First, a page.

Project Details


This proposal has three levels of organization where we will: 1) Develop cultural, biorational, and precision management methods aimed at locating and reducing losses to cranberry and blueberry crop production due to disease, insect and climatic factors while minimizing the use of chemical control; 2) Increase levels of genetic resistance to insects and diseases, improve fruit quality and productivity through genetic enhancement; and 3) Identify and utilize the phytochemical potential of these two crop species for both agronomic and human health benefits. Traditional breeding and selection cycle methods will be used for blueberry and cranberry cultivar development. Germplasm and progenies will continue to be screened for novel and enhanced fruit phenolic profiles, pest resistance, and other traits of interest. Phytochemical studies targeting health benefits and identifying healthful components of the cranberry fruit for treating human pathogens such as E. coli will be conducted, as well as research to find biochemical mechanisms for disease and insect resistance. Insect management research will develop IPM strategies such as biological control with insecticidal nematodes, pheromone-based trapping systems, mating disruption, and development of degree-day models. Basic biology, behavior, and seasonal life history of oriental beetle and plum curculio, two major pests, will be investigated. Novel, selective, reduced risk insecticides will be evaluated leading to registration for use in blueberries and cranberries. Disease management research will develop precision-based methods including GIS, GPS and remote sensing to detect and quantify crop loss, and to design implementation maps for cultural control methods such as drainage systems and irrigation timing. In addition, crop loss assessments will provide growers with economic information on specific diseases. Concurrently, plant phenology-based disease prediction models are under development for improved spray timing and will target two diseases, cranberry fruit rot and blueberry anthracnose. The expected outcomes/impacts of this project will be an increase in growers adoption of the proposed new technologies and management practices for pest control, and an increase in the amount of acreage planted with the new Rutgers cranberry varieties will be measurement of their adoption among growers. Anticipated benefits include better pest protection, lower pesticide use, greater adoption of reduced-risk pesticides, and higher yields.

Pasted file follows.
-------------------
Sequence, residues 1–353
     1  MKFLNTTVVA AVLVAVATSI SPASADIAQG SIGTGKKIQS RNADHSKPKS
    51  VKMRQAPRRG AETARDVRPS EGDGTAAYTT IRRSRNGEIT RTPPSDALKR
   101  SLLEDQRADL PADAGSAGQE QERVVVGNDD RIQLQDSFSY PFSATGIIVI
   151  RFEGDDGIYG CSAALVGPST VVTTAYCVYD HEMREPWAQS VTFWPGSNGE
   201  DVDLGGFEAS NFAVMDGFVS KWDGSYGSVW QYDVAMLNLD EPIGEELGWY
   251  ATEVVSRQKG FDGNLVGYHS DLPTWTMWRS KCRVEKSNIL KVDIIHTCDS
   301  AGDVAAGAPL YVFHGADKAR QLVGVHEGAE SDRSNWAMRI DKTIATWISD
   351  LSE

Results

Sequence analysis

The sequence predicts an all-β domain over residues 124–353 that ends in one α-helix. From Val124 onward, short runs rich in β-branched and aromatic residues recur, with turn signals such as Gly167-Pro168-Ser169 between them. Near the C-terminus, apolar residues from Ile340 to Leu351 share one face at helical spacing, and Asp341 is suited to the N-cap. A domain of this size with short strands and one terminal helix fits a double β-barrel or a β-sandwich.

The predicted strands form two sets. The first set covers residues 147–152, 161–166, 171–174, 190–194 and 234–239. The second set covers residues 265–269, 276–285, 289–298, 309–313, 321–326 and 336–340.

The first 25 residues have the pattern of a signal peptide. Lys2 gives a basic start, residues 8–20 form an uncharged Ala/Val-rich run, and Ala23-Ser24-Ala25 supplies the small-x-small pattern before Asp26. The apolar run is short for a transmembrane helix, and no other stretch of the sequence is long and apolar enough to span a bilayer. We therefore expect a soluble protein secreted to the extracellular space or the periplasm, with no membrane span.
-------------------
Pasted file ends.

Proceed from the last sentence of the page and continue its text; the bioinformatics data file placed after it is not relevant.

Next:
Effective start/end date4/1/093/31/13


  • National Institute of Food and Agriculture (National Institute of Food and Agriculture (NIFA))


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